This had a tendency to disappear into the pile of the velvet and it is quite difficult to detect the tulip flower. However, this might useful to use, depending on the effect I am trying to create.
I thought that this stitch pattern had quite a lot of potential for future use as it combined both the density needed to be visible and also the flexibility to create space or overlapping of stitching, depending upon how it was used.
Layers of sheers - Sample 7
I layered strips of purple, green, gold and bronze sheers against a cream calico background. I then burnt away some of the fabric, using a heat gun.
I liked the effect of the fabric curling up from the heat and also the darker patches where it had started to singe. It gave the background a worn and aged effect, which could be stitched over as part of a background in later work.
I could have let the fabric burn away more, but didn't want big patches of the calico to show through - perhaps I could have burnt away more if I had used a darker background fabric?
Snippets of Sheers - Sample 8
For this sample, I used snippets of red, green, orange, purple and bronze sheer fabric, between light purple and green outer layers. I twisted the sheer fabric before snipping, so that I created curly and spiral snippets, which created interesting patterns when fixed between the two outer layers.
This was a very interesting sample to create, as the snippets appeared to change colour depending on which side of the fabric they are viewed from. The dark green snippets look as thought they are dark purple or brown when viewed from the 'green' side of the sample.
If this kind of sample was stitched and then manipulated as a 3D structure, some very interesting effects could be created by the translucent fabrics.
Snippets of black fabric - Sample 9
For this sample I gathered black fabrics such as velvet, silk, cotton and satin, which I then cut unto small snippets, overlapping each other on a black felt background. I stitched a grid pattern over the snippets to secure them in place. The resulting sample showed that there are many different shades of black, even though it is a colour that we usually think of there being only one shade of! This sample was quite difficult to photograph, as some of the snippets look grey, even though they are black 'in the flesh'! The different textures of the fabrics used created the interest here - this would be useful to try in different shades of other colours, perhaps blues or golds?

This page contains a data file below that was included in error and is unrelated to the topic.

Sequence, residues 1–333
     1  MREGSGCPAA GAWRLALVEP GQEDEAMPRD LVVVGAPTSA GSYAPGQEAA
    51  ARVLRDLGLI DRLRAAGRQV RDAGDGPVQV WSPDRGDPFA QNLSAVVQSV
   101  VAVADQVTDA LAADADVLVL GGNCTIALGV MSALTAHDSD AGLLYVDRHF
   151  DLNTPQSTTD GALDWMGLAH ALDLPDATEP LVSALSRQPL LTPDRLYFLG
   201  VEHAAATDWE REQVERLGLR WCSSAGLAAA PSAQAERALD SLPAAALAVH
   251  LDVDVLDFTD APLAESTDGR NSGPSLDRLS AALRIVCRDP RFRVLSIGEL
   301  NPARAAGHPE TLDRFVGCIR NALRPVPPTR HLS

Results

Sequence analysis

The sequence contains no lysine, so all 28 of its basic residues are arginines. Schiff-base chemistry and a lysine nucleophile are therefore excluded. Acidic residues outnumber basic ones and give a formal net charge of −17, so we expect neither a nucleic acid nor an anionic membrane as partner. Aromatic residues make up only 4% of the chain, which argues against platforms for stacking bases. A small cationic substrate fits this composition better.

Angelina fibres - Sample 10
This was my first experiment with Angelina fibres - I had heard of them and seen them in bags in shops but had never really understood how they were used.
I bonded these to a black felt background and liked the combination of colours that I had chosen, but I think that I probably made a beginners' mistake of not realising that a little goes a long way - I have created quite a dense 'cloud' of colour! I did think that this kind of background held a lot of potential for stitching over and working into textile designs. Also, it was fun to guess how the final result would turn out and then see if I was right!
Painted fusible webbing - Sample 11
I painted the fusible webbing with a mixture of pink, blue and gold fabric paint. I then transferred strips of the painted webbing onto a dusky pink silk fabric background. I stitched over this in lines of dark pink, blue and gold metallic thread. I felt that the stitching blended well with the fabric colour and painted background, but didn't really like the finished sample as the painted fusible webbing stood out too much from the background. perhaps the painted I used were too bright compared with the dark pink, or more stitching/ embellishment would be needed to make the different elements used be more cohesive?
Printed and stitched background - Sample 12
For this sample, I went back to some of the pictures of birds by the artist Sarah Utter, that I had collected as design sources. I particularly liked the shapes of the wings and outlines of the birds on these prints.
I made the printing block design quite 'chunky' out of foam and mounted it onto thick card.
I printed over a cream felt background, deciding on a randomly printed effect. I used metallic fabric paint in a dark green and pink. I then embellished the printed shapes with variegated thread. I used a variegated green around the green printed shapes - sewing around the straight edges and inside the printed shape. I used a variegated purple thread around the pink printed shapes, sewing around the curved edges and half of the inside edges.
I liked this sample most out of all the samples for this chapter, as I thought there was a good balance between the printed areas and the background. I also thought that the stitching enhanced the printed shapes and that there was an effective balance and contrast in colour.
Close up of the completed design